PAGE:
واکنش جنینی به آرامش القاء شده توسط مادر در دوران بارداری
|کد مقاله||سال انتشار||مقاله انگلیسی||ترجمه فارسی||تعداد کلمات|
|31944||2008||9 صفحه PDF||سفارش دهید||7356 کلمه|
Publisher : Elsevier - Science Direct (الزویر - ساینس دایرکت)
Journal : Biological Psychology, Volume 77, Issue 1, January 2008, Pages 11–19
Fetal responses to induced maternal relaxation during the 32nd week of pregnancy were recorded in 100 maternal–fetal pairs using a digitized data collection system. The 18-min guided imagery relaxation manipulation generated significant changes in maternal heart rate, skin conductance, respiration period, and respiratory sinus arrhythmia. Significant alterations in fetal neurobehavior were observed, including decreased fetal heart rate (FHR), increased FHR variability, suppression of fetal motor activity (FM), and increased FM–FHR coupling. Attribution of the two fetal cardiac responses to the guided imagery procedure itself, as opposed to simple rest or recumbency, is tempered by the observed pattern of response. Evaluation of correspondence between changes within individual maternal–fetal pairs revealed significant associations between maternal autonomic measures and fetal cardiac patterns, lower umbilical and uterine artery resistance and increased FHR variability, and declining salivary cortisol and FM activity. Potential mechanisms that may mediate the observed results are discussed.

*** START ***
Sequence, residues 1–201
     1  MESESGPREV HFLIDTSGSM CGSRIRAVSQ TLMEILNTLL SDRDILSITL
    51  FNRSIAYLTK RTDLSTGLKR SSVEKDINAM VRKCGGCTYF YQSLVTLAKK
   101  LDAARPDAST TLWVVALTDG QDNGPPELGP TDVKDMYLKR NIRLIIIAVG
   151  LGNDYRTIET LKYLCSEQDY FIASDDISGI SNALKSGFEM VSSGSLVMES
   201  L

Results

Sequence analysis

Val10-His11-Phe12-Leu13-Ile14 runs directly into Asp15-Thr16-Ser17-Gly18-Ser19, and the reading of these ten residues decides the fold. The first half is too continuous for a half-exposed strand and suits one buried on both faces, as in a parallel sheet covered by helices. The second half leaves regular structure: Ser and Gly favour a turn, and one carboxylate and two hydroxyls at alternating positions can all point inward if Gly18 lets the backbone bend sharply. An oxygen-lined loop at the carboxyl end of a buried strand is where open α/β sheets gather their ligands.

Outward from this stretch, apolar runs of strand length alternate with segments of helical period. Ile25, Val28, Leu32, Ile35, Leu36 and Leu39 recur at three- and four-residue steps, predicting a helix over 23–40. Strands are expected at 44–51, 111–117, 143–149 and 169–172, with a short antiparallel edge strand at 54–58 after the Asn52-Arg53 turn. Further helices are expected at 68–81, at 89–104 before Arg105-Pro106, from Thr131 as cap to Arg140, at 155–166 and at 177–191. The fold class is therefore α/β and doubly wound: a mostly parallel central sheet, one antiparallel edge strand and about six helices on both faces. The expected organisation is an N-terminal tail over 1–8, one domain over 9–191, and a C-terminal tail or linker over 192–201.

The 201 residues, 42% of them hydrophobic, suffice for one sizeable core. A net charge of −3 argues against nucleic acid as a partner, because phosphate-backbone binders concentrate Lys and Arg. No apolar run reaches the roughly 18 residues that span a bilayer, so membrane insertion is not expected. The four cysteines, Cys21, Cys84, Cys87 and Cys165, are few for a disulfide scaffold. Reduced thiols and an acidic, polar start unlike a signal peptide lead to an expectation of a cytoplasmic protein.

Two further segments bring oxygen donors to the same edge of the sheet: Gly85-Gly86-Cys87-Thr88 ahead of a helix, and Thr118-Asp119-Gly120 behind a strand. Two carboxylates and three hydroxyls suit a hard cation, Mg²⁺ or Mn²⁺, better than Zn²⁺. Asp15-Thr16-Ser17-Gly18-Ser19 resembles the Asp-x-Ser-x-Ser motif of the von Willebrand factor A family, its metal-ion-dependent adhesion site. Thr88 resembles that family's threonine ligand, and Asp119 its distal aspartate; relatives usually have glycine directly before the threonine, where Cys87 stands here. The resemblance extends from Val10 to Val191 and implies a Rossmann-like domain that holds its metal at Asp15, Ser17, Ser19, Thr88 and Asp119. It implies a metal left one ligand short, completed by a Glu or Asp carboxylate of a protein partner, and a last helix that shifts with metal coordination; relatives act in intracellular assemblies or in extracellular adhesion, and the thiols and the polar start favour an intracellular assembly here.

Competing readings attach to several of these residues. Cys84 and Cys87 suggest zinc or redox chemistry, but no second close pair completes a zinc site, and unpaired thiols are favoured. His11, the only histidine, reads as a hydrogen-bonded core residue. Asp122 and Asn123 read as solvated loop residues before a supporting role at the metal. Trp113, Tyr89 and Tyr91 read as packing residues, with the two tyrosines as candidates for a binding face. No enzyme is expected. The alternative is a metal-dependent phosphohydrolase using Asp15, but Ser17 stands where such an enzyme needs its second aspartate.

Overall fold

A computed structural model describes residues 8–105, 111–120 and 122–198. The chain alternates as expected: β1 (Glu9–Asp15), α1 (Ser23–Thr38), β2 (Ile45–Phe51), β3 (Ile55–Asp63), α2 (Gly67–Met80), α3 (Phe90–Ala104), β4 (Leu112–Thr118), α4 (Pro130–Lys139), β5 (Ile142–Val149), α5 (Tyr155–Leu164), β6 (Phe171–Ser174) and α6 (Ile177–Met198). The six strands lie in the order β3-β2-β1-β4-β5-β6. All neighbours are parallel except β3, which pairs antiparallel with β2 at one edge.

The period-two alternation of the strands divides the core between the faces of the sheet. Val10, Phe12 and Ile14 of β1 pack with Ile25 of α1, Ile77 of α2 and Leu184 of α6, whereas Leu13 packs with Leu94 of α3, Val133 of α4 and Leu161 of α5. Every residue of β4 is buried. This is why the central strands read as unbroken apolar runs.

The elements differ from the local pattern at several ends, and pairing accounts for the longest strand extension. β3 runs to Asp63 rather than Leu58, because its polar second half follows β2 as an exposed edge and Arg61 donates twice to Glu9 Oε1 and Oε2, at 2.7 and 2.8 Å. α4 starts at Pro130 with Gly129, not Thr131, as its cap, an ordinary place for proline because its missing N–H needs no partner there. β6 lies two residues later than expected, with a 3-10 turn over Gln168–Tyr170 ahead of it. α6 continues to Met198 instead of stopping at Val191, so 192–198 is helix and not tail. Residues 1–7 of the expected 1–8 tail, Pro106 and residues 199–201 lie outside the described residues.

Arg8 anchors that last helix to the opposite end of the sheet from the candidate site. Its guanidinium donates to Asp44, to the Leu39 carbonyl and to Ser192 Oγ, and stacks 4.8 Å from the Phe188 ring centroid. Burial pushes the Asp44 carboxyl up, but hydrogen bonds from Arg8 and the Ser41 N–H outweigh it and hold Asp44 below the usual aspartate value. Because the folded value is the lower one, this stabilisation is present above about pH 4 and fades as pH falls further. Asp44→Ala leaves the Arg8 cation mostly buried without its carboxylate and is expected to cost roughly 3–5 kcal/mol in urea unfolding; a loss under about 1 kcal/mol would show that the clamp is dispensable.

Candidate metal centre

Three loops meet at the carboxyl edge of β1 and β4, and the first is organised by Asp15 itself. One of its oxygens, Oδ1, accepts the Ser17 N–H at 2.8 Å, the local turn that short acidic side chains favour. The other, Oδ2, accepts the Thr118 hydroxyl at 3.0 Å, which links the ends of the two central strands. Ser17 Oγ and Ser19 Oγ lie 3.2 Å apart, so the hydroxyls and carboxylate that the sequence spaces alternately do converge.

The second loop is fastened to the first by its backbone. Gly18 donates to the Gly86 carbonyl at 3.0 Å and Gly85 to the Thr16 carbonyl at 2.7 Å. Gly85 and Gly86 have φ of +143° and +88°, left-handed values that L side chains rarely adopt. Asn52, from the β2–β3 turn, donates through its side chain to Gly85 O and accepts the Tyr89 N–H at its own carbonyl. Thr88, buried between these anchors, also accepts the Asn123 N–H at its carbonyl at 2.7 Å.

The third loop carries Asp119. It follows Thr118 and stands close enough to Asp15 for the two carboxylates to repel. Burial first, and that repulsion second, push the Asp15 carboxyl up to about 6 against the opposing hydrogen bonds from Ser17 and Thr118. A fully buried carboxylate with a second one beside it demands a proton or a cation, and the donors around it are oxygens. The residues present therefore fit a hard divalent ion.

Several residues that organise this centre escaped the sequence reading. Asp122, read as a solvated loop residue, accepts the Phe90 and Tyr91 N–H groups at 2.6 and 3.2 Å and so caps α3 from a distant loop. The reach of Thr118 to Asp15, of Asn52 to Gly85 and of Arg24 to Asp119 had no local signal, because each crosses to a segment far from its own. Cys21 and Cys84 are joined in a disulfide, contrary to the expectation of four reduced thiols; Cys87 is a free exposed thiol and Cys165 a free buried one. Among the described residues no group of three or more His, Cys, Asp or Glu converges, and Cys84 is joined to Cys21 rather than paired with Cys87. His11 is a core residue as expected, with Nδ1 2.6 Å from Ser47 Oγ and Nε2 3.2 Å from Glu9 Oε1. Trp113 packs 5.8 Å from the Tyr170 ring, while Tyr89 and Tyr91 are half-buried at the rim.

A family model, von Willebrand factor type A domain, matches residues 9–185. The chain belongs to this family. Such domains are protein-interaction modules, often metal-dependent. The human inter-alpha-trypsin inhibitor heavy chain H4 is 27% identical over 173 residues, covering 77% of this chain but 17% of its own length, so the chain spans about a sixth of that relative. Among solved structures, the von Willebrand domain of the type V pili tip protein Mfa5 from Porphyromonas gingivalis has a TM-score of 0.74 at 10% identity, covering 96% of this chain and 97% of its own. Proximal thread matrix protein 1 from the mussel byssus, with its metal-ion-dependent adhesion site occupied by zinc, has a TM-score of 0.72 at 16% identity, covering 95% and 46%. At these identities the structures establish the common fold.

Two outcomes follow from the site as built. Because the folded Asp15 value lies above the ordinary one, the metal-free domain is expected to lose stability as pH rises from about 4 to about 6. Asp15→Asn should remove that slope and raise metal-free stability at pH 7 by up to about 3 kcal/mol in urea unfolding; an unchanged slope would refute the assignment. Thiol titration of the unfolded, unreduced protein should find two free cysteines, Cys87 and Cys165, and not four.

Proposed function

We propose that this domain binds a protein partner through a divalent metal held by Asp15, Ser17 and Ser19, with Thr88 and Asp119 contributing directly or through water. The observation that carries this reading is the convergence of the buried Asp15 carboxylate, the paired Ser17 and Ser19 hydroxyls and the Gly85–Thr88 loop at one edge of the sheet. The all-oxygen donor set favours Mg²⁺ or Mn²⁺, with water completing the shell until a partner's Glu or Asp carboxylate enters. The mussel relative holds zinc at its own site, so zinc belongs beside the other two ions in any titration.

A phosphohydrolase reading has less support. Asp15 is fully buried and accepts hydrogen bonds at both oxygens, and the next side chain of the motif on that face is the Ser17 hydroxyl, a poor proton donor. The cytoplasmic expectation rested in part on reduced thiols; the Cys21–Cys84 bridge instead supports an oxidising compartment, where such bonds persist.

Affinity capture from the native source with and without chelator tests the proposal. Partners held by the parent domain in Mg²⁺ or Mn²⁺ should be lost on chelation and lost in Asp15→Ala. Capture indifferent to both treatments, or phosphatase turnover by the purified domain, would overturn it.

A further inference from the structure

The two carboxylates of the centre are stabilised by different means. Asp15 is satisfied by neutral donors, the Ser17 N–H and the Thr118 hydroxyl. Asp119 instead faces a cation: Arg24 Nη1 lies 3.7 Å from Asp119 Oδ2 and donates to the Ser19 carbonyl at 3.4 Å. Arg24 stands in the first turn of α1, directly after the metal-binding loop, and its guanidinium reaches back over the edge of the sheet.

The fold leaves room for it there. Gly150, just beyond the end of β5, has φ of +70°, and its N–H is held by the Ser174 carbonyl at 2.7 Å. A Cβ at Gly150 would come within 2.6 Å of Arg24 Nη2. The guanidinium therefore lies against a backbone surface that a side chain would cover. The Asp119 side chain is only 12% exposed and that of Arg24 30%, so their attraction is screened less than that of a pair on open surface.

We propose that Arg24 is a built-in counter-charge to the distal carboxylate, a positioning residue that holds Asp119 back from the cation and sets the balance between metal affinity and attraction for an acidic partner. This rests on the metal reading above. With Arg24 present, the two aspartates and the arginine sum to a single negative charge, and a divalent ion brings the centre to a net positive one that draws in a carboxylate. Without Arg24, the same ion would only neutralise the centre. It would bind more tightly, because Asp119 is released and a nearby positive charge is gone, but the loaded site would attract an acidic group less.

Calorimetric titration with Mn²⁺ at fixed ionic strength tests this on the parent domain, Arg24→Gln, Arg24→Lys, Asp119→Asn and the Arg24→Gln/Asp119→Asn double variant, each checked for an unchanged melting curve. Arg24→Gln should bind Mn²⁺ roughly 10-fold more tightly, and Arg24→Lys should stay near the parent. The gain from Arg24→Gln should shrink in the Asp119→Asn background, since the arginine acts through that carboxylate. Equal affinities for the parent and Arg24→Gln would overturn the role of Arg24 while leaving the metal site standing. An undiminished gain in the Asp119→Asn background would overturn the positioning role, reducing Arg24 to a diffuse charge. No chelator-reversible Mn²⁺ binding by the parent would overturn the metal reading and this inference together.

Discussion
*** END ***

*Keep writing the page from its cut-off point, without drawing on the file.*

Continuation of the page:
“When a pregnant woman falls, the baby in the womb answers” (West African proverb). Literary and historical works are replete with descriptions of the impact of maternal perceptions, sensations and emotions on the fetus. There are no direct neural connections between mother and fetus, but maternal experiences generate a cascade of physiological and neurochemical consequences that may alter the intrauterine milieu either directly or indirectly and thereby generate a fetal response. Provocative reports of linkage between maternal stress and fetal heart rate and behavior have appeared in the academic literature since the 1930s (Sontag and Wallace, 1934). Anecdotal evidence reported since that time suggests temporary dysregulation of either fetal heart rate or behavior following a maternal fall (Hepper and Shahidullah, 1990), an earthquake (Ianniruberto and Tajani, 1981), and sounding of an air raid alarm during the Gulf War (Yoles et al., 1993). Only a handful of studies measure fetal responses to experimental manipulation of maternal psychological state. Fetal tachycardia was observed in response to a variety of situations imposed on pregnant women, ranging from the mild (i.e., presentation of loud sounds) to more alarming (i.e., deceiving women that their fetuses were inadequately oxygenated) (Copher and Huber, 1967). The use of a less threatening stimulus to induce maternal arousal, a tape recording of a crying infant, has been associated with a decelerative fetal heart rate response in anxious, but not in non-anxious or depressed women (Benson et al., 1987). Three studies report fetal responses to maternal arousal induced by a common cognitive challenge that incurs a sympathetic response, the Stroop Color Word Test. These include increased variability in heart rate concomitant with suppression of motor activity (DiPietro et al., 2003) and increased fetal heart rate in fetuses of women with high trait anxiety or depression (Monk et al., 2000 and Monk et al., 2004). To date, experimental research on the transmission of maternal state to the fetus has focused on stressful manipulations. This orientation is consistent with long-standing interest in more chronic effects of maternal psychological distress on untoward pregnancy outcomes (Paarlberg et al., 1995). As a result, pregnant women are often urged to relax more frequently. Research has begun to ascertain the efficacy of this admonition by examining whether prolonged stress reduction interventions, including yoga (Narendran et al., 2005), progressive relaxation (Janke, 1999), and massage (Field et al., 2004) help maximize pregnancy outcomes. Such therapeutic interventions reliably generate beneficial alterations to mood, anxiety, and depressive symptoms and there is modest support for a positive impact on gestational duration and/or birth weight (Janke, 1999 and Narendran et al., 2005), as well as prenatal and perinatal complications (Field et al., 2004). A number of potential mechanisms for these findings have been proposed (Tiran and Chummun, 2004), and there is some empirical support for long-term mediation through alterations in neuroendocrine systems, including cortisol (Urizar et al., 2004) and catecholamines (Field et al., 2004). However, these interventions have been implemented in advance of basic understanding of the immediate maternal and fetal effects that such activities generate. Only one report examines contemporaneous effects of an active relaxation protocol (i.e., guided imagery directed by a therapist) on physiological functioning in pregnant women; findings include reduced maternal heart rate and cortisol in response to the intervention (Teixeira et al., 2005). We have been unable to identify any study that has systematically examined how or whether maternal relaxation affects fetal functioning. The goal of the current research was to extend inquiry regarding the effects of maternal relaxation during pregnancy into the fetal domain. A number of maternal physiological indicators were included to confirm the efficacy of the experimental relaxation manipulation and provide information regarding source mechanisms. These include heart and respiratory rates, measures commonly used in studies to evaluate systemic relaxation responses. Both are influenced by non-neural and neural processes, as well as parasympathetic and sympathetic control. To better isolate sympathetic effects, electrodermal activity was also measured. Skin conductance reflects changes in conductivity of the skin mediated by eccrine glands which are singly innervated by the sympathetic branch of the nervous system (Venables, 1991). Activity in the hypothalamic–pituitary–adrenal (HPA) axis was assessed via salivary cortisol. In addition, blood flow in the uterine and umbilical vessels was inferred by measuring resistance in these arteries using Doppler technology. Decreased blood flow to the uterus can generate increased placental resistance to umbilical arterial flow and a stress on fetal cardiac function (Trudinger, 1994). Uterine artery resistance has been linked to factors that affect maternal peripheral blood flow, including anxiety (Sjostrom et al., 1997 and Teixeira et al., 1999). Ascertainment of fetal responsiveness to maternal relaxation was based on fetal heart rate, motor activity, and their interrelation. These measures of fetal functioning are typically referred to as neurobehaviors, develop in predictable ways over the course of gestation, and are widely regarded as indicators of the developing fetal nervous system (Hepper, 1995, James et al., 1995, Maeda et al., 2006, Nijhuis and ten Hof, 1999 and Yoshizato et al., 1994). In particular, fetal heart rate variability is a well-known indicator of fetal well being (Parer, 1999), and the degree of coupling between brief acceleratory changes in fetal heart rate in response to motor activity provides an indicator of integration between neural circuits (Baser et al., 1992 and DiPietro et al., 2006). Induced maternal relaxation was expected to invoke maternal autonomic responses consistent with sympathetic withdrawal and/or parasympathetic activation, indicated by reduced maternal heart rate, slowed respiration, decreased skin conductance, and increased respiratory sinus arrhythmia, as well as transient HPA suppression ascertained through cortisol output, and decreased vascular resistance. Given the lack of available evidence relevant to fetal effects, our hypotheses were based on the converse of observations generated under acute or persistent conditions of maternal stress or arousal. As such, we expected that induced maternal relaxation would generate decreased fetal heart rate, increased fetal heart rate variability and fetal movement–fetal heart rate coupling, and increased fetal motor activity. In addition, we expected that variation in the magnitude of the maternal physiological responses would correspond to the magnitude of the fetal response within maternal–fetal pairs.